Even going beyond yes, for instance, on the Sunday national show I requested to Scott Shapiro to take the shift. Originally he was hesitant, but the one thing he said — well two things, he was complimentary of my work — but more importantly he goes, “I know you’re going to be there every Sunday. You just don’t take any days off.” What do they say? The best ability is your availability. I’ve used that as sort of a motto throughout my career that if you hire me and I’m going to be there. Period.

It was very funny, when I got let go by the network at the end of 2013, when they blew up my show with Pat O’Brien and they pretty much cleaned house and sort of redid the national shows, it was the first time I’d ever been let go, ever, in my entire career. It was funny because my contract had two months left through the end of February 2014 and Annie Zidarevich called me and said that your last check is going to be a hard check. It’s going to include unused vacation pay.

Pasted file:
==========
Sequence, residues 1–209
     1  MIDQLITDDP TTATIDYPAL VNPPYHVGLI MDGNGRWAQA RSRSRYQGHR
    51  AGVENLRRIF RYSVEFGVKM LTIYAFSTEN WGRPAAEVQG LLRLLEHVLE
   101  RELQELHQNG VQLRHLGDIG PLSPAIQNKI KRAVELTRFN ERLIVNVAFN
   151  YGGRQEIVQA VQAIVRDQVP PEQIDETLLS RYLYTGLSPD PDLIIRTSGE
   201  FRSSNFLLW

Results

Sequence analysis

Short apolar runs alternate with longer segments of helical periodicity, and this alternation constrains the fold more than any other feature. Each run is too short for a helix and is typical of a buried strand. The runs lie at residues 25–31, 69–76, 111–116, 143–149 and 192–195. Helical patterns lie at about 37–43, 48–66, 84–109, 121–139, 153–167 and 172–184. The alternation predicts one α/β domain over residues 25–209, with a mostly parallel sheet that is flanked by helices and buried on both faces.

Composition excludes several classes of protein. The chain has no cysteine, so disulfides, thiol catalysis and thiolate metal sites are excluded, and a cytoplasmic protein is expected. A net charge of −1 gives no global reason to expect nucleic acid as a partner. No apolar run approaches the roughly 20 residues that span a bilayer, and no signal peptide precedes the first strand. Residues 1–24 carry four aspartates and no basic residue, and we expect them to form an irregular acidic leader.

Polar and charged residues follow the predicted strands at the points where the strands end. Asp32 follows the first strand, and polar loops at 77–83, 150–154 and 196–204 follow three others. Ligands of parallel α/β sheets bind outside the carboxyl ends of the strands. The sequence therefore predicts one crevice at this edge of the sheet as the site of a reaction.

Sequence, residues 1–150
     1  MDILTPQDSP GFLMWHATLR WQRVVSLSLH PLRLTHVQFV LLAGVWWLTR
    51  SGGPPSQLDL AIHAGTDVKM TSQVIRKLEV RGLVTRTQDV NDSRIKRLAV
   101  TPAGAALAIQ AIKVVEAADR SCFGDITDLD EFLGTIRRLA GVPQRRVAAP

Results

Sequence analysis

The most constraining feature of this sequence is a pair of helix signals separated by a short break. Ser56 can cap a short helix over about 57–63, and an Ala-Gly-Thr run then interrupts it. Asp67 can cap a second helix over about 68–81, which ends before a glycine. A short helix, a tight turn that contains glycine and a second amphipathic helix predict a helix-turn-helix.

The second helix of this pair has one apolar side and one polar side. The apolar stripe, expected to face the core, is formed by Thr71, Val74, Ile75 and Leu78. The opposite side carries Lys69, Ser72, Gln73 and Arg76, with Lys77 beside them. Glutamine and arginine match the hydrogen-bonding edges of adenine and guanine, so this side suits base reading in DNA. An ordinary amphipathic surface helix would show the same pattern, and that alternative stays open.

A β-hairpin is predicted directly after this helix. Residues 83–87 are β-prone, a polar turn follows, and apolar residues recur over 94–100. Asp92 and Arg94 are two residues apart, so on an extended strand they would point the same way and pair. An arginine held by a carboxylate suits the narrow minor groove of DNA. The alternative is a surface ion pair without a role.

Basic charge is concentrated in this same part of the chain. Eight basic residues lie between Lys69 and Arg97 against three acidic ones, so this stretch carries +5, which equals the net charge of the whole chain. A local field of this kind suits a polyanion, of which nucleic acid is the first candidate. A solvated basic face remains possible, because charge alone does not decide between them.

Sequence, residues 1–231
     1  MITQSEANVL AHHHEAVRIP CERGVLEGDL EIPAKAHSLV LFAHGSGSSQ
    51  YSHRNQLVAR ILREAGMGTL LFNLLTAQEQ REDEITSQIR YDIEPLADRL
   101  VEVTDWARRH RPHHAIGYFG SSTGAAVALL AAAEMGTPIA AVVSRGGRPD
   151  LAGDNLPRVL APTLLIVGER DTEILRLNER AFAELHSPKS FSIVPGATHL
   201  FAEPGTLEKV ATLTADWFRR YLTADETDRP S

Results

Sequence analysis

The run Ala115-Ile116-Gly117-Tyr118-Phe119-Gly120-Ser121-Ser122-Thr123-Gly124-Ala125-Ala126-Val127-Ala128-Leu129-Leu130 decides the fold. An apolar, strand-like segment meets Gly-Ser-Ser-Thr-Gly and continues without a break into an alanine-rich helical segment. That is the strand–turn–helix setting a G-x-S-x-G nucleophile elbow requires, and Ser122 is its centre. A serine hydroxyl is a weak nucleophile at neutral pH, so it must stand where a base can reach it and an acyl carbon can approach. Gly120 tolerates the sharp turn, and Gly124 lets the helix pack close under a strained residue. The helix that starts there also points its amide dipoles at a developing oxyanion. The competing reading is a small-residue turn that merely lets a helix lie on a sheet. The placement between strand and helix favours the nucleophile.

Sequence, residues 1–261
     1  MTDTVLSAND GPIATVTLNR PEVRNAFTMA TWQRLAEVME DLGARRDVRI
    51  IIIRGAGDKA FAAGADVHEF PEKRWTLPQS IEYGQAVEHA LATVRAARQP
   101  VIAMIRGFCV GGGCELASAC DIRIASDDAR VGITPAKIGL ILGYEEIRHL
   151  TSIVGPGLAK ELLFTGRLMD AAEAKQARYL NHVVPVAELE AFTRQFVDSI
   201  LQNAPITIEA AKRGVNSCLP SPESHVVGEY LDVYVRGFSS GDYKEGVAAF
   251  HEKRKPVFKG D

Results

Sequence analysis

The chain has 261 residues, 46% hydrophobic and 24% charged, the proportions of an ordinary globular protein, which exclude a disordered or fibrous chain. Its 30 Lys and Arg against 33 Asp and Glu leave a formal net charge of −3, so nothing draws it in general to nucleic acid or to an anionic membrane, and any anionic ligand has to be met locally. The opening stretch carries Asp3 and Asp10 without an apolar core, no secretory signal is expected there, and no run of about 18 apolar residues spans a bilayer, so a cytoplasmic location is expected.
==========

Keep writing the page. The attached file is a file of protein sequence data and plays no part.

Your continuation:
I didn’t say anything because that didn’t sound right to me. I used to think it was like if you don’t use it, you lose it. I didn’t say anything. I just thought a couple extra $1,000 would be good. I got the check. I had over $24,000 in unused vacation. It was like wow, okay, maybe I should have taken a few more days off along the way. I don’t know if it’s so much about a work ethic as it is something that I just personally sort of need to keep me focused and stimulated to do something every day.